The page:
72 Fine Mapping of 14q24.3, a Locus for High Caries Experience

Thursday, March 22, 2012: 8 a.m. - 9:30 a.m.
Presentation Type: Oral Session
H. HSIN, Oral Biology, University of Pittsburgh, Pittsburgh, PA, T. SHIMIZU, Department of Pediatric Dentistry, University of Pittsburgh, Matsudo Chiba, Japan, K. DEELEY, University of Pittsburgh, Pittsburgh, PA, and A. VIEIRA, Dept. of Oral Medicine & Pathology, University of Pittsburgh, Pittsburgh, PA
Objective: Caries is a multifactorial infectious disease characterized by destruction of the hard structures of the tooth. Factors predisposing to caries include the host, represented by teeth and saliva, the oral microbial flora, and type of diet, which can lead to chemical destruction associated with the intake of sugars and acids in food and drinks. In our previous genome wide scan study, we detected five loci related to caries susceptibility: 5q13.3, 13q31.1, 14q11.2, 14q24.3, and Xq27. Forty-six families with similar cultural, behavioral, oral hygiene habits, and fluoride exposure living in rural Philippines were studied.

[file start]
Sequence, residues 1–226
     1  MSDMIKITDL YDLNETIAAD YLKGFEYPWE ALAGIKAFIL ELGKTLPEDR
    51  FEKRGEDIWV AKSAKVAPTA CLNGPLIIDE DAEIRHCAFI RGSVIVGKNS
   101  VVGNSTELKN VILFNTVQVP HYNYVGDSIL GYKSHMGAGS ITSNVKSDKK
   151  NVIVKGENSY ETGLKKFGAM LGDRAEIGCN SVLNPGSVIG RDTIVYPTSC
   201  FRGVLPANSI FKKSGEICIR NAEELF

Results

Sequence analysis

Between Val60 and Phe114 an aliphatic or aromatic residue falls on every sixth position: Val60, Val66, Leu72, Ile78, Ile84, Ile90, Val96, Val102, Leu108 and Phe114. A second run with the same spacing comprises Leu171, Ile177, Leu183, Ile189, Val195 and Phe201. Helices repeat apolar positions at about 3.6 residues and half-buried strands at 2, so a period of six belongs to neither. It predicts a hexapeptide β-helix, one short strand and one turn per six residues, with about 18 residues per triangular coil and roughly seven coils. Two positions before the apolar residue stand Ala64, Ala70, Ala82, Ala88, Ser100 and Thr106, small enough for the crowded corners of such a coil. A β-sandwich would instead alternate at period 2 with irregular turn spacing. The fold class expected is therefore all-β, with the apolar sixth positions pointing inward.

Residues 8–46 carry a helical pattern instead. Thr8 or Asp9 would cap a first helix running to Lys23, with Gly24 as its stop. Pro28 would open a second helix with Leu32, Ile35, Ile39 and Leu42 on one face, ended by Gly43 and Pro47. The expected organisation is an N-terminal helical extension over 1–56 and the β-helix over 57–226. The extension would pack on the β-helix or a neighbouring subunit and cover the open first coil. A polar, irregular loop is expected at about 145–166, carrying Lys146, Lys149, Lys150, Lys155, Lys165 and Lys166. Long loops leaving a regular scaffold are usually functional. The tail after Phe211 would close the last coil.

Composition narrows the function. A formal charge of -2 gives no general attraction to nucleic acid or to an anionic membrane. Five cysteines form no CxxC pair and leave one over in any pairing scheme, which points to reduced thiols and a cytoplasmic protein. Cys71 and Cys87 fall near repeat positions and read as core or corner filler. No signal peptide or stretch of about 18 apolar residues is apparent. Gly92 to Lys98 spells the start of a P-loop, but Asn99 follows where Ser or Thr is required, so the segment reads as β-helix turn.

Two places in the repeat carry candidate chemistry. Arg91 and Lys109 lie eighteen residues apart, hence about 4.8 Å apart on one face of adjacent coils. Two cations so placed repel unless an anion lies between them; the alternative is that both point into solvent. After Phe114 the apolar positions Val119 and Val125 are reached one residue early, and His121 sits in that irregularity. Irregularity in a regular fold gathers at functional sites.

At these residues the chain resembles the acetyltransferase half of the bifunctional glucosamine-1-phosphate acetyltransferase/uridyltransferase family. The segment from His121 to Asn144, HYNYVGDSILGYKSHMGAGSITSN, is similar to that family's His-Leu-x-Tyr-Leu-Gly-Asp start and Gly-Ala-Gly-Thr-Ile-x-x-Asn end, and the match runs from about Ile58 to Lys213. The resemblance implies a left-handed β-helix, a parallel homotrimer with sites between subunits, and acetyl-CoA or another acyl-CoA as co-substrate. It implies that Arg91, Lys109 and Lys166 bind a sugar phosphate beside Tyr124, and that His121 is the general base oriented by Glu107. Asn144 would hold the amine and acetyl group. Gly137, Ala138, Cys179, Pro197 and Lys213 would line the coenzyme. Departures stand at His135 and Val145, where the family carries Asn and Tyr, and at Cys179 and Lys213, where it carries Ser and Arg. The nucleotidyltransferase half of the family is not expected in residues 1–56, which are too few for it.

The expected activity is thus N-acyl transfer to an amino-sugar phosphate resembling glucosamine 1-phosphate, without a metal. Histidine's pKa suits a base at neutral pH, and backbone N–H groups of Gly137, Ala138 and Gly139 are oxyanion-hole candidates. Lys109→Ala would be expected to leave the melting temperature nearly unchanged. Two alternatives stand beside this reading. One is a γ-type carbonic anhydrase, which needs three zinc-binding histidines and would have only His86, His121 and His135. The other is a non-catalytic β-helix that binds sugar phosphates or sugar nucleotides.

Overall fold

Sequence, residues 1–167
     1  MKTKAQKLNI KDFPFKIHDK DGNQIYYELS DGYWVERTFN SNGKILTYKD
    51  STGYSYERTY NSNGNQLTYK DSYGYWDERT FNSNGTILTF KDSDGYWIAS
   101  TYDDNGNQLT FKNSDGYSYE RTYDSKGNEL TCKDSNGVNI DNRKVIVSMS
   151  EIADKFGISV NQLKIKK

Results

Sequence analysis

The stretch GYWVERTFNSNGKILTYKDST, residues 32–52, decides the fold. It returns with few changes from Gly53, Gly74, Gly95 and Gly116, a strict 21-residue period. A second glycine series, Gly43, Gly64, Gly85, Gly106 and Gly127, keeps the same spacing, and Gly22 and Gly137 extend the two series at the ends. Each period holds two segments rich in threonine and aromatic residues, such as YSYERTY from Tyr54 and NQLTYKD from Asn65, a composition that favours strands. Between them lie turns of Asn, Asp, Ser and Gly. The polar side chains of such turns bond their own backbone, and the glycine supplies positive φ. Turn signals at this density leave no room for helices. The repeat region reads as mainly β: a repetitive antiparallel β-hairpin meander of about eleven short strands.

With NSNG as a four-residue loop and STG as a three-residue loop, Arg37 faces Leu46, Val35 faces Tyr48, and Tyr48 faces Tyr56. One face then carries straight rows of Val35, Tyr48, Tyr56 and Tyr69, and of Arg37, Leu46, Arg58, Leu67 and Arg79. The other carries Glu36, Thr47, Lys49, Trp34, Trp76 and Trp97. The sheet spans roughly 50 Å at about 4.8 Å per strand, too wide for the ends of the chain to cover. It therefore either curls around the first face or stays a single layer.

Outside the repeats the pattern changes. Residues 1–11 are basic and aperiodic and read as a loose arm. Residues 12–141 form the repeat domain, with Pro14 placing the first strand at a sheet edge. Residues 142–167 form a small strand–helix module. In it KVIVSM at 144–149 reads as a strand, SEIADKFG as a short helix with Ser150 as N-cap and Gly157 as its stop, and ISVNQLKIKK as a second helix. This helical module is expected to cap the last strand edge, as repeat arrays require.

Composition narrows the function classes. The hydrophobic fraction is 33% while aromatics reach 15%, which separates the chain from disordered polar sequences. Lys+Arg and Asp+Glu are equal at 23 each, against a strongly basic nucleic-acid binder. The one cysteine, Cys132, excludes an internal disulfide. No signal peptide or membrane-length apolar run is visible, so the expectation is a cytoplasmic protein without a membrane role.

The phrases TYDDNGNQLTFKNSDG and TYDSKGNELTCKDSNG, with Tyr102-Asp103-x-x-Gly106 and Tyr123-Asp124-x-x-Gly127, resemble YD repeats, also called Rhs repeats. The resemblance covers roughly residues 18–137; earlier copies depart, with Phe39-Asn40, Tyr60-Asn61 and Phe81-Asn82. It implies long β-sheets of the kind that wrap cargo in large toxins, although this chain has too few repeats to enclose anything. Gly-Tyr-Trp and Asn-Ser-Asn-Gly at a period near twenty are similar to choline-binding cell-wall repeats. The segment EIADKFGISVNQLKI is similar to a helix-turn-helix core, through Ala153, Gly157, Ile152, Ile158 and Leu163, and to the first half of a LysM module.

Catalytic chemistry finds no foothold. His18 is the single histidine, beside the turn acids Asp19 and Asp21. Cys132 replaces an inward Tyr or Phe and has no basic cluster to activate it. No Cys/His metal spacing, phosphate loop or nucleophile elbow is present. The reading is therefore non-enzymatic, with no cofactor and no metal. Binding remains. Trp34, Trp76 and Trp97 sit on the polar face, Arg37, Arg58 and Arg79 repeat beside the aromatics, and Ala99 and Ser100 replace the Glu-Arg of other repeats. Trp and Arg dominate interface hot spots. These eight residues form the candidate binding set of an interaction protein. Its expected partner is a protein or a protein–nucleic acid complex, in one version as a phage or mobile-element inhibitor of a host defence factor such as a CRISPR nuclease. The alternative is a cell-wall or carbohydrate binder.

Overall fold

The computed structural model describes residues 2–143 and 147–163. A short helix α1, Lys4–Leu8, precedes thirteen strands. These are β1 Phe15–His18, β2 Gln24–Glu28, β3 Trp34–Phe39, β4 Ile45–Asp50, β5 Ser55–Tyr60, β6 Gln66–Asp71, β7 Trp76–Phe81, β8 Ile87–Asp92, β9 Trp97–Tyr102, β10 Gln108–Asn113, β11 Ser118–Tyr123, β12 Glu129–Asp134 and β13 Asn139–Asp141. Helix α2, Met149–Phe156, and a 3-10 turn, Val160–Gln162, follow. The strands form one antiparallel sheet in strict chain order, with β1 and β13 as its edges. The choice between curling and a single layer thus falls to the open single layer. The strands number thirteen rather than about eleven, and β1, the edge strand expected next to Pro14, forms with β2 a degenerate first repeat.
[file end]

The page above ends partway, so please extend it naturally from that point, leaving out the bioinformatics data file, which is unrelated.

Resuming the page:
Method: In the present study, we aimed to fine map 14q24.3 in an expanded population data set of 72 families from the Philippines. This locus had suggestive linkage results (recessive single-point LOD score of 2.06) with high caries susceptibility on the studied population. We selected 97 single nucleotide polymorphism markers spanning the candidate region. Those markers were chosen based on allele frequencies, gene structure, and patterns of linkage disequilibrium and haplotype blocks. Genotypes are in Hardy-Weinberg equilibrium. Family-Based Association test (FBAT) was used to determine the presence of possible overtransmission of alleles under a recessive model. P-values lower than 0.05 are considered statistically significant. 

Result: The results suggest that seven markers in ESRRB (estrogen-related receptor beta; rs745011, p=0.0003; rs1077430, p=0.03; rs2860216, p=0.0001; rs4903399, p=0.001; rs4903419, p=0.003; rs6574293, p=0.005; and rs10132091, p= 0.005) at 14q24.3 are associated with high caries experience. 


These results suggest that we identified a new candidate gene for caries, which is likely involved in the development of salivary glands, specifically the parotid gland.

This abstract is based on research that was funded entirely or partially by an outside source: NIH/NIDCR R01-DE18914

Keywords: Caries, Cariology and Genetics
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